Turning now to
Compare module 308 is a software component or process that is used to analyze differences between desired model 302 and base model 300. This comparison is used to generate delta definition structure 310. Apply module 312 is a software component or process that is used to convert target model 304 into result model 306 by applying delta definition structure 310 to target model 304. In these examples, a model is data structure representing the structure of a database. This data structure contains data objects and the relationships between the data objects for a database. These data objects include, for example, tables, schemas, buffer pools, and table spaces. A model can be derived from various sources, such as, for example, a file in a file system, a database catalog, or a data definition language that creates a database. The model could be implemented in other ways, such as in a database through tables and relationships. The model may represent all objects in the database or a portion of database objects. For instance, a particular model may only represent the data objects used by the payroll application.
Compare module 308 and apply module 312 are illustrated as separate components or processes for purposes of describing the invention. Depending upon the particular implementation, these processes or modules may be combined into a single component or multiple components. Further, these different processes or modules may be implemented on the same data processing system in which the databases are being compared. For example, base model 300, desired model 302 may be both located on the same data processing system, such as server 104 in
Alternatively, base model 300 and desired model 302 may be located on different data processing systems. For example, base model 300 may be located on server 104 while desired model 302 may be located on client 114 in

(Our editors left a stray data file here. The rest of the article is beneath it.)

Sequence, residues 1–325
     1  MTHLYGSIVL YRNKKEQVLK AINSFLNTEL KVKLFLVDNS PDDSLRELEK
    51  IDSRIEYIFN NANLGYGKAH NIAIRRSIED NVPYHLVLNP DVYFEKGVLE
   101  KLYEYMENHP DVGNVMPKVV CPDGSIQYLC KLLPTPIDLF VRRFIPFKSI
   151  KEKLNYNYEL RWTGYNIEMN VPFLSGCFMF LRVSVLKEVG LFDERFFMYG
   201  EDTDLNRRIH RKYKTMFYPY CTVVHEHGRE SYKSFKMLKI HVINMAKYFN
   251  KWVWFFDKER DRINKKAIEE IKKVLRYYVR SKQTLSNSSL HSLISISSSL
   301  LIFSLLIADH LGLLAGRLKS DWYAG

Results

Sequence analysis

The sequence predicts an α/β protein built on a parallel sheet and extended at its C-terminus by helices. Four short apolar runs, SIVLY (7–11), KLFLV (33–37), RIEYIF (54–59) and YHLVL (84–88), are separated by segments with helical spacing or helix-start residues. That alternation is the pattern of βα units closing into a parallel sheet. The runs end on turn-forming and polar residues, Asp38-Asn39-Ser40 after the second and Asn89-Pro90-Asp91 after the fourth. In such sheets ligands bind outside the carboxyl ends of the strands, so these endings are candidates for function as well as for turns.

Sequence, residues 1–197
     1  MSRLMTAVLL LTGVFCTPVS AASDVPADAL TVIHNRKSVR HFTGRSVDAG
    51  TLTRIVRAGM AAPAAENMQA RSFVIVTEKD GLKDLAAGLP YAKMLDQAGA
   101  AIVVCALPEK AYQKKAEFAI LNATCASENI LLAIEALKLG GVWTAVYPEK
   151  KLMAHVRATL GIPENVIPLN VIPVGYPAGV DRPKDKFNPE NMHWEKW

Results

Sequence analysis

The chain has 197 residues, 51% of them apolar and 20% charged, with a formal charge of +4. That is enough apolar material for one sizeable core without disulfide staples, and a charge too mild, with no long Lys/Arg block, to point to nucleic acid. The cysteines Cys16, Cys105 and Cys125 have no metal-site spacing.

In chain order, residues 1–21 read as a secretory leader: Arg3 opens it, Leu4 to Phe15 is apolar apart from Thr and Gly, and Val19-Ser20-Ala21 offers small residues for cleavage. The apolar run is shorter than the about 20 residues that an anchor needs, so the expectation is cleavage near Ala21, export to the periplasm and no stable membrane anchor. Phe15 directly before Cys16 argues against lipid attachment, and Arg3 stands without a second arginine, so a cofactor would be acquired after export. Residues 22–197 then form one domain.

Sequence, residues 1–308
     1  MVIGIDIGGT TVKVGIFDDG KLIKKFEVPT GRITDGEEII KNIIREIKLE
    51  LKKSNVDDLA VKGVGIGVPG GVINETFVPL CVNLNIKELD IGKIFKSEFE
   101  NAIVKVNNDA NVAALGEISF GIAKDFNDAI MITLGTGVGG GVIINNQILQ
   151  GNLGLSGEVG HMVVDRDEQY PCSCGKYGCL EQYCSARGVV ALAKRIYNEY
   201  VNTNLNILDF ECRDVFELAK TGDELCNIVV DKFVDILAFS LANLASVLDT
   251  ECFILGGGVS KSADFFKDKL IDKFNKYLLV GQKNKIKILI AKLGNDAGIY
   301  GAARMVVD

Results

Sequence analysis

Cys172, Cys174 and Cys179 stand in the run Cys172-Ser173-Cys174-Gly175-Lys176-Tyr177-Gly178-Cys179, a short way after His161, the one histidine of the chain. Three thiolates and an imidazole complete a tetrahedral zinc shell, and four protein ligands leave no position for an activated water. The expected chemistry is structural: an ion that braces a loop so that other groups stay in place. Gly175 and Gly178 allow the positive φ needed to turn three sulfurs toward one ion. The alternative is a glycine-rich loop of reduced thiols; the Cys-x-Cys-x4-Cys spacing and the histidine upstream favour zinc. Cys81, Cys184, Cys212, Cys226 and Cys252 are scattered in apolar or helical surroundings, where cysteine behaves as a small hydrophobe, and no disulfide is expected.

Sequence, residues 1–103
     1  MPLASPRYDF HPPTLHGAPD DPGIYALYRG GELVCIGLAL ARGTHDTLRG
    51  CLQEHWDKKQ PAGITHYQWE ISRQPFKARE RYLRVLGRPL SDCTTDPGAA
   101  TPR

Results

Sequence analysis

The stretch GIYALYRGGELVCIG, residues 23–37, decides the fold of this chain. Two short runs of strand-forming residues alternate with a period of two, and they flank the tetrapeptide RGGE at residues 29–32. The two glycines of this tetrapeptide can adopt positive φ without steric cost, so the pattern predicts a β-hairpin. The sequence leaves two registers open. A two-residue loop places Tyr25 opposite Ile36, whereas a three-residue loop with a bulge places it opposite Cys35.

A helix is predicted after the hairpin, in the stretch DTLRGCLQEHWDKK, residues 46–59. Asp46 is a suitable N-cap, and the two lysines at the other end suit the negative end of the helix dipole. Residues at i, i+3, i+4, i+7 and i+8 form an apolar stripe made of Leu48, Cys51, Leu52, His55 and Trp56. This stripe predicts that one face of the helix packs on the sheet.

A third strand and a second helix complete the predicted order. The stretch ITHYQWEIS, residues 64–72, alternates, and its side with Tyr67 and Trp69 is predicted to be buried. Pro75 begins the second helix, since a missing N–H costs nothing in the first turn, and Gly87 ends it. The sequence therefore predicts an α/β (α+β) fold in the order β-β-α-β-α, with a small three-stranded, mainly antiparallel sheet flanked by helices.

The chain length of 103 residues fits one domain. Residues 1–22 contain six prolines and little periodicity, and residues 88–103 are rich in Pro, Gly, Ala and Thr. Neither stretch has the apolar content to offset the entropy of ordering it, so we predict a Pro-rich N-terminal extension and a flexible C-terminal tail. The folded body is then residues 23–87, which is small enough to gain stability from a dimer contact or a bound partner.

Turning now to
Element 404 is an example of an element found in elements 402. Element 404 contains reference 406, which is a reference or pointer to a structural database entity. This reference is used to locate a structural database entity within a database model. A database model in these examples is part of or an entire database. Additionally, element 404 also contains operation 408, which identifies an operation to be performed on the structural database entity referred to in reference 406. This operation may take various forms. For example, the operation may be to create a structural database entity, to drop a structural database entity, or to leave a structural database entity in a model. The operation also may be to modify or change an existing structural database entity within the model. Element 404 also may contain new value 410 for the structural database entity identified by reference 406.
In these illustrative examples, delta definition structure 400 contains one element for each modified structural database entity and one element in elements 402 for each created, dropped, or modified structural database entity.
Turning now to
The base database model and the desired database model each have only two structural database entities for purposes of illustrating the different processes of the present invention. In actual use, the delta definition structure and the processes for the different aspects of the present invention may be applied to other numbers of structural database entities. These structural database entities may be part of a database or an entire database, depending on the particular application.
Turning next to
In this example, delta definition structure 700 is applied to change the structural database entities, such as those illustrated in
Elements 702 in delta definition structure 700 are applied to the structural database entity table T1 500 in
Element 704 contains reference 708. This reference points to column C1 502 in the entity table T1 500 in